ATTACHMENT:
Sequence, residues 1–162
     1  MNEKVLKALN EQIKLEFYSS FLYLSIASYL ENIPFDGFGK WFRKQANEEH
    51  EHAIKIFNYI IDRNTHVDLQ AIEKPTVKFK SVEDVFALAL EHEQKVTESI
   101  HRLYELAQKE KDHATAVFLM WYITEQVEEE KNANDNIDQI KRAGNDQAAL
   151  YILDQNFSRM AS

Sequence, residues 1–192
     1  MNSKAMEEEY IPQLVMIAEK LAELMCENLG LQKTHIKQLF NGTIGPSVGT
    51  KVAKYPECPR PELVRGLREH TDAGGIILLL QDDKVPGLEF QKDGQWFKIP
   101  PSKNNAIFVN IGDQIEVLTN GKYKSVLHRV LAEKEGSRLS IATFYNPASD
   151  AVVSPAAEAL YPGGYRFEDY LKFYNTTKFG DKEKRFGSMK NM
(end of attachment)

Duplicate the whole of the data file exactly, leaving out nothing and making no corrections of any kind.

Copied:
Sequence, residues 1–162
     1  MNEKVLKALN EQIKLEFYSS FLYLSIASYL ENIPFDGFGK WFRKQANEEH
    51  EHAIKIFNYI IDRNTHVDLQ AIEKPTVKFK SVEDVFALAL EHEQKVTESI
   101  HRLYELAQKE KDHATAVFLM WYITEQVEEE KNANDNIDQI KRAGNDQAAL
   151  YILDQNFSRM AS

Sequence, residues 1–192
     1  MNSKAMEEEY IPQLVMIAEK LAELMCENLG LQKTHIKQLF NGTIGPSVGT
    51  KVAKYPECPR PELVRGLREH TDAGGIILLL QDDKVPGLEF QKDGQWFKIP
   101  PSKNNAIFVN IGDQIEVLTN GKYKSVLHRV LAEKEGSRLS IATFYNPASD
   151  AVVSPAAEAL YPGGYRFEDY LKFYNTTKFG DKEKRFGSMK NM